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'C' is for cookie
Girl Scouts hawk way more than a sugar fix
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I have this amazing dream where I'm surrounded by cookies.

Chocolate-enrobed wafers piled up at my feet...stacks of coconut caramel chewies blocking the hallway...a tower of lemony shortbread threatening to topple on my head...

Wait, this isn't a dream. It's my living room.

Last month, my daughter charged around our neighborhood in her spiffy green vest covered with badges, taking orders for Girl Scout cookies. She was an impressive little general, polishing her front-porch pitch and mapping out the territory for maximum sales coverage.

This weekend those hundreds of pre-sold boxes arrived for distribution, temporarily transforming the front of our house into a confectionary wonderland. It's taking every ounce of adult restraint to keep from tearing into the Trefoils and eating them all myself.

I don't need a Jungian analyst to understand my urge to turn into a furry blue monster with a speech impediment.

I'm not the only one struck by cookie fever this week. It's officially Girl Scout Cookie season, and there's drool everywhere: #cookieboss was a recent trending hashtag on Twitter, and the baked morsels reached iconic hipster status with a list of beer pairings traveling around the Internet (Thin Mints with a pint of coffee stout is all I need for dinner, how 'bout you?)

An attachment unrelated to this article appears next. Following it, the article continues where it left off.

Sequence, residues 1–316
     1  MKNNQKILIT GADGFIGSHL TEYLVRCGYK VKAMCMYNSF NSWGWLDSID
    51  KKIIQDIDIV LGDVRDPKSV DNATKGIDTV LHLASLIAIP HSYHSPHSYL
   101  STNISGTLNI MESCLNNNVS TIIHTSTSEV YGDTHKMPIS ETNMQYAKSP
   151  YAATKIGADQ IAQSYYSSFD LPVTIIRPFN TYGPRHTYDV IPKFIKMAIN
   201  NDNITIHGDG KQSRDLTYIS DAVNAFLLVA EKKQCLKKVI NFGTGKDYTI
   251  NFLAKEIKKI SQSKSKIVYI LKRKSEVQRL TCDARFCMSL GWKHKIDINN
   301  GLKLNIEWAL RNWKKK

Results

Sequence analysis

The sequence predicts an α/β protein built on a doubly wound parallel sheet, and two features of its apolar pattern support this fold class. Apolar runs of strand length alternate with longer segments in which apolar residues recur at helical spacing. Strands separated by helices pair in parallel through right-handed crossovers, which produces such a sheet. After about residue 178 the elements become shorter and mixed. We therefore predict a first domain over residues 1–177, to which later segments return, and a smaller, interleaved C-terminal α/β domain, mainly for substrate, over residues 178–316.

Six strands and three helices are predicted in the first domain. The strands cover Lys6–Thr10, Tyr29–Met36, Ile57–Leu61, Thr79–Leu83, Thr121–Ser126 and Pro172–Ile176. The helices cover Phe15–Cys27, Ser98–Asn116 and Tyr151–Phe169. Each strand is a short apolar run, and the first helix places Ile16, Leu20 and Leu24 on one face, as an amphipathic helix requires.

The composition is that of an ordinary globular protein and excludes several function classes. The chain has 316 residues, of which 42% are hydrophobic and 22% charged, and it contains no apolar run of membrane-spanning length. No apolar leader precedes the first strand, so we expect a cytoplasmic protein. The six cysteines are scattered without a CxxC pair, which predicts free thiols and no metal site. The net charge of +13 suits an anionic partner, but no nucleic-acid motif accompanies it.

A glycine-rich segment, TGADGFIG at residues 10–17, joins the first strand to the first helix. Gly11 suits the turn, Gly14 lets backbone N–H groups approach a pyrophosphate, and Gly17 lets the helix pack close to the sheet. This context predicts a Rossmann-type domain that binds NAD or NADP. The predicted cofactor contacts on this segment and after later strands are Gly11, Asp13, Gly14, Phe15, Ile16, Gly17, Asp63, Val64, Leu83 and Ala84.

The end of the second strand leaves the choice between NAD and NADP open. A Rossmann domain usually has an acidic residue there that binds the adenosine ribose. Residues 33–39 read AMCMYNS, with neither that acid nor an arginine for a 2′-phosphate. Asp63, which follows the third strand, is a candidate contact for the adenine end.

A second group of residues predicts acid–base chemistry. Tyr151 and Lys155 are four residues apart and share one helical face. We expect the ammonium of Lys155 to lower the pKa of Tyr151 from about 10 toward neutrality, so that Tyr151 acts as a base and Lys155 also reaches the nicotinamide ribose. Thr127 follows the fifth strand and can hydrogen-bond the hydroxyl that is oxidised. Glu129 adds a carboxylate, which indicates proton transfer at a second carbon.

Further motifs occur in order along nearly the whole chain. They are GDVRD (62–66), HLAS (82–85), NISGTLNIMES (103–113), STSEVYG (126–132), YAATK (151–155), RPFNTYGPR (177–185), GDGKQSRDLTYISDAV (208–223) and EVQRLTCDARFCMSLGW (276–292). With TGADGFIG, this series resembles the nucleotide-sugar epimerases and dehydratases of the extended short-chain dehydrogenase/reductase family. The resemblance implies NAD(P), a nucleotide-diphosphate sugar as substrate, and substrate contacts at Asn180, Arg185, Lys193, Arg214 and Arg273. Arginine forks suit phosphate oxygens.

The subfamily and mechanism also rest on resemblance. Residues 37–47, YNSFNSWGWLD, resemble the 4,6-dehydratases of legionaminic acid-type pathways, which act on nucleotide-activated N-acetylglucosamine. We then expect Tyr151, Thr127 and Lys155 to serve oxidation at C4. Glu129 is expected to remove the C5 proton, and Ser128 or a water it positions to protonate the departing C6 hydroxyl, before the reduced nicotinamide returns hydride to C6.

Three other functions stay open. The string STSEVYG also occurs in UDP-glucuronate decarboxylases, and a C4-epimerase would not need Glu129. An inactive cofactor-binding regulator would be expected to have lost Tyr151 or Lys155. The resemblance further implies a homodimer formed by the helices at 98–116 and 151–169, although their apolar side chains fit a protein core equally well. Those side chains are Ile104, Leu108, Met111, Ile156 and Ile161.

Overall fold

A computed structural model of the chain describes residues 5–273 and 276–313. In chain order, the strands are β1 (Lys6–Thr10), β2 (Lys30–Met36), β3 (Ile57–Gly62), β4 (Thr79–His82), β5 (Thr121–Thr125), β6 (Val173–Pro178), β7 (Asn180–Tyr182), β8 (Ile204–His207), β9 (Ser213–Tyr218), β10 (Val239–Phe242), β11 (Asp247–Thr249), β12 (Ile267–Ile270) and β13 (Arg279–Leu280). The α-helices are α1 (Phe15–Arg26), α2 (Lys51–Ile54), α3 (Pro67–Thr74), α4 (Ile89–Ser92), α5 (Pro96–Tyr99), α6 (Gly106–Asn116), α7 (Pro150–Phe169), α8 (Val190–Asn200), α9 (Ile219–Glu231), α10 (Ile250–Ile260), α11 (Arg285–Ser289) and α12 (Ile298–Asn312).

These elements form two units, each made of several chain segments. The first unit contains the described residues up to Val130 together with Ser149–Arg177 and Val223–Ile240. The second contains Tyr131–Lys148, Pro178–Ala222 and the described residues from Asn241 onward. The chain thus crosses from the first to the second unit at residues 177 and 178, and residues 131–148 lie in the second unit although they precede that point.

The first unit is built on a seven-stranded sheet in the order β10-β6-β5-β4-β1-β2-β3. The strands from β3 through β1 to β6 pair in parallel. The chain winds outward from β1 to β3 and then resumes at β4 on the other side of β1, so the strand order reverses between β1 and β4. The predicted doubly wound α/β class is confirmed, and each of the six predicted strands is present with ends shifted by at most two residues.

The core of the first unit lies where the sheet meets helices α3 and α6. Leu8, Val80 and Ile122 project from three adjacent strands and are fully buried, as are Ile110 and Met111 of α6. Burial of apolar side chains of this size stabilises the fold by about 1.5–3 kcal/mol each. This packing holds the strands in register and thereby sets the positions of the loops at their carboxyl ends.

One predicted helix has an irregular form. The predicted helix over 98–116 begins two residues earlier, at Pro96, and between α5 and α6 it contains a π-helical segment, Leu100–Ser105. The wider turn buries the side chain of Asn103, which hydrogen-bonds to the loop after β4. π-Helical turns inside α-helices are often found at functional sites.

Some 200 million pre-paid boxes are hitting the streets right about now, and do not fear if my—or someone else's—daughter didn't snare you into her adorable entrepreneurial hold. The girls in green will be out in full force for several weeks, hawking their delectable wares at in front of grocery stores and shopping centers.

And check it out: Girl Scout cookies may be an enduring tradition, but they've moved into hi-tech: Those looking for the Dos-Si-Do hook-up can download the "Cookie Finder" app that directs you to the closest cookie booth via GPS.

But Girl Scout cookies aren't just about the sugar fix.

"This is the biggest girl-led business in the world. We're really proud of that," says Tara Nobles, Senior Manager of Creative Services for the Girl Scouts of Historic Georgia, who helped oversee the dispersal of 11,000 boxes out of a Pooler warehouse this weekend. "It's important to remember what these girls take away."

Nobles—herself a lifelong Scout—is referring to the money management skills and business ethics absorbed by the girls as they sell. Every time you snarf up a four-dollar box of crumbly delight, you're helping a young woman gain professional and economic footing, not to mention earn another badge (and let me tell you, Girl Scouts really love those stinkin' badges!)

Waving the banner of developing its millions of members into "women of courage, confidence and character," the Girl Scouts continually ups its programming game. They host all-important science and engineering activities and implement interactive anti-bullying campaigns.

Public service is a core value; thousands of cases of cookies will be sent overseas to deployed soldiers, and many individual troops donate profits to local food banks. High school-age Scouts plant community gardens, build solar-powered wells and start literacy programs to earn their Gold Awards. (The biggest badge of 'em all, Gold Awards can also mean scholarship money for college.)